FCA published a policy statement (PS19/5) that sets out its responses to the feedback received on proposed changes to the FCA Handbook and Binding Technical Standards (CP18/28 and CP18/36), temporary permissions regime for inbound firms and funds (CP18/29), Brexit and contractual continuity (CP19/2), and regulatory fees and levies (CP18/34). Additionally, FCA has issued transitional directions and prudential transitional direction with respect to its approach to use the temporary transitional power.
FCA had received 92 responses to the consultation papers—CP18/28, CP18/29, CP18/36, and CP19/2. Annex 1 to PS19/5 contains the list of respondents who did not ask for their responses to be kept confidential. FCA has published the handbook and Binding Technical Standards in the near-final form so that stakeholders are clear on the changes expected to be made to the regulatory framework. These Binding Technical Standards impact the stakeholders under the varied EU legislation, including the Credit Rating Agency Regulation, Capital Requirements Directive and Regulation, Packaged Retail and Insurance-based Investment Products Regulation, Markets in Financial Instruments Directive and Regulation, and Insurance Distribution Directive, among others. Based on the timetable of the Parliament, FCA expects its Board to make the instruments final on March 28, 2019 if a withdrawal agreement has not been ratified by UK and EU.
HM Treasury has laid draft regulations in the Parliament (Financial Services and Markets Act 2000 (Amendment) (EU Exit) Regulations 2019), which grant FCA the powers to make transitional directions to mitigate any disruption caused by EU exit-related changes to firms’ obligations. These directions give regulated persons time to adapt to the Brexit-related changes to the UK financial services regulation. Continuity is generally achieved by applying a standstill; therefore, firms may continue to comply with the pre-exit version of an obligation. In addition, the temporary permission firms are allowed substituted compliance for home-state obligations. This power would only be used if UK leaves EU without an implementation period. The directions have been prepared on the assumption that the EU exit statutory instruments referred to in them will be in force by the exit day.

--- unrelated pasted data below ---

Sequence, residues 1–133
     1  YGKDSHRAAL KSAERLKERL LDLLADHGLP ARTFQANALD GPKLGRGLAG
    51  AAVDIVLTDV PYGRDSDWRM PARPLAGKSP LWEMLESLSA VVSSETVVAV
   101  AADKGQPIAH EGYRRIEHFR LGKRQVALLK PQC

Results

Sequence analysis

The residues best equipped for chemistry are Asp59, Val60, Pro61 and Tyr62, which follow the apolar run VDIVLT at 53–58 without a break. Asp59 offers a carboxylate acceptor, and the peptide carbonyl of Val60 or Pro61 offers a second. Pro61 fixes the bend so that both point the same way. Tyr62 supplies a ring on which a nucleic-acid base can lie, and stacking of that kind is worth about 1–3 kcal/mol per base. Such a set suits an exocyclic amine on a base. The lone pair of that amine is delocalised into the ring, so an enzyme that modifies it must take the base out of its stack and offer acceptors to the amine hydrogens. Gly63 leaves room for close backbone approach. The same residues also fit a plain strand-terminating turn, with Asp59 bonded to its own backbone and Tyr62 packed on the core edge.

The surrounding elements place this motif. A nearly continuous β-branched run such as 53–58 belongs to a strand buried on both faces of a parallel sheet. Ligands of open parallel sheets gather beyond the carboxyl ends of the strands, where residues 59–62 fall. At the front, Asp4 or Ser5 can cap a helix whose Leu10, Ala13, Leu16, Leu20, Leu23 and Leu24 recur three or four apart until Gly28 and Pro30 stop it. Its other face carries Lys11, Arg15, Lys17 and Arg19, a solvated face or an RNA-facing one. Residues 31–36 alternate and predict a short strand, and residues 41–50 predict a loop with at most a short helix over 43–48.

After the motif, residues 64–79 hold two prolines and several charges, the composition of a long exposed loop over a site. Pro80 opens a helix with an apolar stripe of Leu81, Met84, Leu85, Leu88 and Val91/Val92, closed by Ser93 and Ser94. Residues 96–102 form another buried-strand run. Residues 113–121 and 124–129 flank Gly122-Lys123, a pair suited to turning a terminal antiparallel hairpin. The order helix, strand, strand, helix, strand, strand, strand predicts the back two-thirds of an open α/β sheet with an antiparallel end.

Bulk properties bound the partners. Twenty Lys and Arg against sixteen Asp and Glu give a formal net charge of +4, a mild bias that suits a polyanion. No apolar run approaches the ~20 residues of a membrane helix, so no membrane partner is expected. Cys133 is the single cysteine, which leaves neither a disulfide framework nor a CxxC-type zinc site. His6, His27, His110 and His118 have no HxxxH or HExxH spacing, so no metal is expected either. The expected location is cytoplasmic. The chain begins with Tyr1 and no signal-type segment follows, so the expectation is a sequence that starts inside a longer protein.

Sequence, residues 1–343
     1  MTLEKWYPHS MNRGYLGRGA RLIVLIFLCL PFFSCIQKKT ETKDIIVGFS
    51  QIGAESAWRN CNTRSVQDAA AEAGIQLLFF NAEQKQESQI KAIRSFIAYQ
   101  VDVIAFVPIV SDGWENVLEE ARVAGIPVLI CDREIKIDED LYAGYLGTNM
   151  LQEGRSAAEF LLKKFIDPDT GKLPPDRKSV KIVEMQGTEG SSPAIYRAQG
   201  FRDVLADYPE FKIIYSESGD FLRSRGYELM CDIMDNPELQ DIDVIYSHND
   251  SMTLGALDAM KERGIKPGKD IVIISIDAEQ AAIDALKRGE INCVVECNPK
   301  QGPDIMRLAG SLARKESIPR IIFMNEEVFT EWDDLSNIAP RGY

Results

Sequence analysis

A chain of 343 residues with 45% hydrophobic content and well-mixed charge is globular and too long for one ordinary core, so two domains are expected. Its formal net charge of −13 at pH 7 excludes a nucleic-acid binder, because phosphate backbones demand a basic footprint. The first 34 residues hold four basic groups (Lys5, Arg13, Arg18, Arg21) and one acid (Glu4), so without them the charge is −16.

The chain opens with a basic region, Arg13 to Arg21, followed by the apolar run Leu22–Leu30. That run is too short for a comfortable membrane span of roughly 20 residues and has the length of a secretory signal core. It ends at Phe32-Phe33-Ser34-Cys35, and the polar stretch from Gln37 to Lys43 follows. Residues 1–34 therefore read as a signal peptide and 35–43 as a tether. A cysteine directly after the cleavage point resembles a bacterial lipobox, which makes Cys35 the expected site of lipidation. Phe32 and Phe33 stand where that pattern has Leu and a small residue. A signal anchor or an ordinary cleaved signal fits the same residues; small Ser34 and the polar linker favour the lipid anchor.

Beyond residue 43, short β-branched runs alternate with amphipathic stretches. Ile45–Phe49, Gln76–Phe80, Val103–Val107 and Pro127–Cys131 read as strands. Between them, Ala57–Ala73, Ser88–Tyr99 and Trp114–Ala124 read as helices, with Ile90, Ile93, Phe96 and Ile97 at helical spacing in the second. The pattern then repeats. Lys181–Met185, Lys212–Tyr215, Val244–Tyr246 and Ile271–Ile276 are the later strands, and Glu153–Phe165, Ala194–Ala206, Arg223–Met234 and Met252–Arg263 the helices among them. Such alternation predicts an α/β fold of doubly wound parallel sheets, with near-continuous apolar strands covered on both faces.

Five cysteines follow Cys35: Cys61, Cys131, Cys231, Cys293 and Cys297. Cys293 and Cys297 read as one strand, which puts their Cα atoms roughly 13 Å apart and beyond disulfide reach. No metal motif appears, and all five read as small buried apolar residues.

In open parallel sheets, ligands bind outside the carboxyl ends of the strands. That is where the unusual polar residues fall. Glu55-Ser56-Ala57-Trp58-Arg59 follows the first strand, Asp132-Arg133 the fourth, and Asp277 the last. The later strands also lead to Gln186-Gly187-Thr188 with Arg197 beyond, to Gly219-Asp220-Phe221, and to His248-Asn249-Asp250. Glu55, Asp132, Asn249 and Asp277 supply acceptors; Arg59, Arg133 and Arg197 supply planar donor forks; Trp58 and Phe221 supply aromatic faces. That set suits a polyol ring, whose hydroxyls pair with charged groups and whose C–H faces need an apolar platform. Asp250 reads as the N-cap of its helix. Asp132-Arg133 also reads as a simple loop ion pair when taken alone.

Keywords: Europe, EU, UK, Banking, Insurance, Securities, Brexit, FCA Handbook, Transitional Direction, PS19/5, CRA, FCA
Previous ArticleIMF Publishes Reports on 2018 Article IV Consultation with Malaysia
HKMA announced the publication of a report on fintech adoption and innovation in the banking industry in Hong Kong.
BIS published a working paper that examines the drivers of cyber risk, especially in context of the cloud services.
ECB launched consultation on a guide specifying how the Banking Supervision expects banks to consider climate-related and environmental risks in their governance and risk management frameworks and when formulating and implementing their business strategy.
ECB published an opinion (CON/2020/16) on amendments to the prudential framework in EU in response to the COVID-19 pandemic.
EBA published a report that examines the interlinkages between recovery and resolution planning under the Bank Recovery and Resolution Directive (BRRD).
SRB published the final Minimum Requirements for Own Funds and Eligible Liabilities (MREL) policy under the Banking Package.
EIOPA published its risk dashboard based on Solvency II data from the fourth quarter of 2019.
MNB published a statement on loan payments post the announced moratorium, in addition to a set of new questions and answers (Q&A) on supervisory measures and requirements announced amid COVID-19 pandemic.
EBA updated the Single Rulebook question and answer (Q&A) tool for banks.
US Agencies (FDIC, FED, and OCC) published an interim final rule that temporarily revises the supplementary leverage ratio calculation for depository institutions.